Socio-cultural and Didactic Aspects of M. M. Speransky’s Personal Correspondence with his Daughter and British Relatives of his Wife




M. M. Speransky, Elizaveta Speransky, Joseph Planta, British Museum, private relations, personal history


This article explores the connections that M. M. Speransky had with the relatives of his prematurely deceased wife, Elizabeth Jane Stephens. Her mother came from the Swiss family of Planta, who had moved to England in 1752. Methodologically, this research is based on the “new biographical history” or “new biography”, the methods of microhistory and the gender principle in biographical research. The author reconstructs the nature of Speransky’s interaction with the Planta family on the basis of correspondence preserved in his collection in the Department of Manuscripts of the Russian National Library with Joseph Planta the Elder (1744–1827), Director of the British Museum, and with his son, Joseph Planta the Younger (1787–1847), who held a post in the Foreign Office. Joseph Planta the Elder was a prominent intellectual of his time, and his son was directly connected with the British Foreign Office during one of the most turbulent periods in European history, and such connections could not but leave their mark on Speransky’s own life. The author concludes that the maintenance of long-term links with his wife’s family, with whom Speransky was not personally acquainted, testifies to the importance of these family ties, both for Speransky himself and for his daughter. Speransky actively encouraged and supported his daughter’s correspondence with Barbara Planta, her grandmother’s sister, and sought to provide his daughter with a European education, with an emphasis on the study of foreign languages, including English. It is concluded that the correspondence with the Planta family allowed Speransky himself to feel involved in both British and European culture, and to raise his daughter in this paradigm, instilling in her a European identity.

Author Biography

Kseniya Sozinova

PhD (History), Associate Professor, Ural Federal University named after the first President of Russia B. N. Yeltsin.

19, Mira Str., 620002, Yekaterinburg, Russia.

ORCID 0000-0002-6980-5881


A Biographical Dictionary of the Living Authors of Great Britain and Ireland. (1816). L., Printed for Henry Colburn. 459 p.

Badilatti, M. (2017). Die altehrwürdige Sprache der Söldner und Bauen. Die Veredelung des Bündnerromanischen bei Joseph Planta (1744–1827). In Swiss Academies Reports. Vol. 12. No. 6. 82 S.

Boas Hall, M. (1984). All Scientists Now: The Royal Society in the Nineteenth Century. Cambridge, Cambridge Univ. Press. 168 p.

Bychkov, A. F. (Ed.). V pamyat’ grafa Mikhaila Mikhailovicha Speranskogo. 1772–1872 [In Memoriam Count Mikhail Mikhailovich Speransky. 1772–1872]. (1872). St Petersburg, Imperatorskaya publichnaya biblioteka. 855 p.

De Beer, G. R. (1952). Andreas аnd Joseph Planta, F. R. S. In Notes and Records of the Royal Society of London. No. 10 (1). pp. 8–14.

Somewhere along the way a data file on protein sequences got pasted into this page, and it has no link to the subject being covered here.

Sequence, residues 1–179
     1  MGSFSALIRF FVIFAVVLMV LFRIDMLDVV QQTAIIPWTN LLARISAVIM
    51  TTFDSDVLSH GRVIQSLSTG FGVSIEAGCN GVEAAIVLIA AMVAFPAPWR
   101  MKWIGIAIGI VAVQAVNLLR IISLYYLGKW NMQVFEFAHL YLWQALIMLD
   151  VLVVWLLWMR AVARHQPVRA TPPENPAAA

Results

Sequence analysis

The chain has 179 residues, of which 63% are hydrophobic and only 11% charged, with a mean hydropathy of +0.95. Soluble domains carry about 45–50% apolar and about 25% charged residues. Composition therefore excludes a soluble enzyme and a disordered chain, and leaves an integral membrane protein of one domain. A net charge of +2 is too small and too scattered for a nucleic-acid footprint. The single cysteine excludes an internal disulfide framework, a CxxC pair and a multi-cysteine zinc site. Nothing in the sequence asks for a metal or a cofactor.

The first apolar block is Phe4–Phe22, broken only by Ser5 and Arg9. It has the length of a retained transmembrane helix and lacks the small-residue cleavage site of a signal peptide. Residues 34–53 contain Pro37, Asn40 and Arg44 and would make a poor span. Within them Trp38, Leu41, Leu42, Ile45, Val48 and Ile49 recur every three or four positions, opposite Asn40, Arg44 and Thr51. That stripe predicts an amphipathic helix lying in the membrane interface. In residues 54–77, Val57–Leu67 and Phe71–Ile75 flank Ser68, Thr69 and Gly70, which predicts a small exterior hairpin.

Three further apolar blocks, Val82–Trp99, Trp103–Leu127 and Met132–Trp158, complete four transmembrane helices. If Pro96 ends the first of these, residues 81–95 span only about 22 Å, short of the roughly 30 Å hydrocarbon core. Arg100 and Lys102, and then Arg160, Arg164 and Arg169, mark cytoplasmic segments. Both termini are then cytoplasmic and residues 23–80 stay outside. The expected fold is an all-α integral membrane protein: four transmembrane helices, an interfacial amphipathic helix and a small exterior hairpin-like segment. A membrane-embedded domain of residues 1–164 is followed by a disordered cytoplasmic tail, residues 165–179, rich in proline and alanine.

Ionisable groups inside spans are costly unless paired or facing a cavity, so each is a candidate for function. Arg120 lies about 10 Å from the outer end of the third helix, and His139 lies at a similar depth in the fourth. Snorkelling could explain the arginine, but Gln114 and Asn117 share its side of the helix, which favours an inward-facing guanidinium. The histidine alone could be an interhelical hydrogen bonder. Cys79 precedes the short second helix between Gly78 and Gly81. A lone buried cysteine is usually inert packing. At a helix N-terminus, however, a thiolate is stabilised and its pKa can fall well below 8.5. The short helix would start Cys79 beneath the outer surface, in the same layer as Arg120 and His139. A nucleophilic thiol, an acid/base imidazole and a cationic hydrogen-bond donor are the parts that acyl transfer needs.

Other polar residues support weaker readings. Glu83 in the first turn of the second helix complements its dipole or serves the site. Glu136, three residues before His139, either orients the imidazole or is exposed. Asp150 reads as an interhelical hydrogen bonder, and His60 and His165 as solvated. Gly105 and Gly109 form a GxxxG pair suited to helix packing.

Druzheskie pis’ma grafa M. M. Speranskogo k P. G. Masal’skomu, pisannye s 1798 po 1819 god, s istoricheskimi poyasneniyami, sostavlennymi K. Masal’skim (1862) [Friendly Letters from Count M. M. Speransky to P. G. Masalsky, Written from 1798 to 1819, with Historical Explanations by K. Masalsky]. St Petersburg, Tipografiya Vtorogo Otdeleniya Sobstvennoi Ego Imperatorskogo Velichestva Kantselyarii. 142 p.

Fraser, F. (2005). Princesses: The Six Daughters of George III. L., John Murray. 476 p.

Hartmann, B. (1951). Beiträge zur Biographie Martin Plantas. In Bündnerisches Monatsblatt. Heft 7–8, S. 193–207.

Howald, S. (2004). Insular denken. Grossbritannien und die Schweiz. Facetten einer Beziehung. Zürich, Neue Zürcher Zeitung. 267 S.

Korf, M. A. (1861). Zhizn’ grafa Speranskogo v 2 t. [Life of Count Speransky. 2 Vols.]. St Petersburg, Izdanie Imperatorskoi publichnoi biblioteki. Vol. 1. 283 p. Vol. 2. 388 p.

Minaeva, N. V. (2009). M. M. Speranskii v vospominaniyakh sovremennikov. Konets XVIII – pervaya polovina XIX vekov [Speransky in the Memoirs of Contemporaries. Late 18th – First Half of the 19th Centuries]. Moscow, Sobranie. 341 p.

Moore, W. (2009). Wedlock: The True Story of the Disastrous Marriage and Remarkable Divorce of Mary Eleanor Bowes, Countess of Strathmore. N. Y., Three Rivers Press. 400 р.

OR RNB [Department of Manuscripts of the Russian National Library]. Stock 380. List 1. Dos. 555; Stock 731. Dos. 894, 898, 899, 1823, 1927, 2323, 2235.

Pis’ma Speranskogo iz Sibiri k ego docheri Elizavete Mikhailovne (v zamuzhestve Frolovoi-Bagreevoi) [Letters from Speransky from Siberia to His Daughter Elizaveta Mikhailovna (Married Name Frolova-Bagreeva)]. (1869). Moscow, Tipografiya Gracheva i Co. 253 p.

RGIA [Russian State Historical Archive]. Stock 1689. List 1. Dos. 1. No. 2.

Sozinova, К. А. (2020). “Sledy moikh slez ostanutsya na etoi bumage…”: pis’ma Elizavety Stivens M. M. Speranskomu [“Traces of my tears will remain on this paper…”: Letters from Elizabeth Stephens to M. M. Speransky]. In Nauchnyi dialog. No. 8, pp. 412–427. DOI 10.24224/2227-1295-2020-8-412-427.

The Gentleman’s Magazine. (1814). Vol. 115 (Jan. – June); (1847). Vol. 182 (July). Tomsinov, V. A. (2003). Sud’ba reformatora, ili Zhizn’ Speranskogo [The Fate of the Reformer, or the Life of Speransky]. Moscow, Norma. 272 p.

Yuzhakov, S. N. (1892). M. M. Speranskii. Ego zhizn’ i obshchestvennaya deyatelnost’. Biograficheskii ocherk [M. M. Speransky. His Life and Social Activities. Biographical Sketch.]. St Petersburg, Tipografiya tovarishchestva “Obshchestvennaya pol’za”. 88 p.



How to Cite

Sozinova, K. (2024). Socio-cultural and Didactic Aspects of M. M. Speransky’s Personal Correspondence with his Daughter and British Relatives of his Wife. Quaestio Rossica, 12(2), 539–556.



Problema voluminis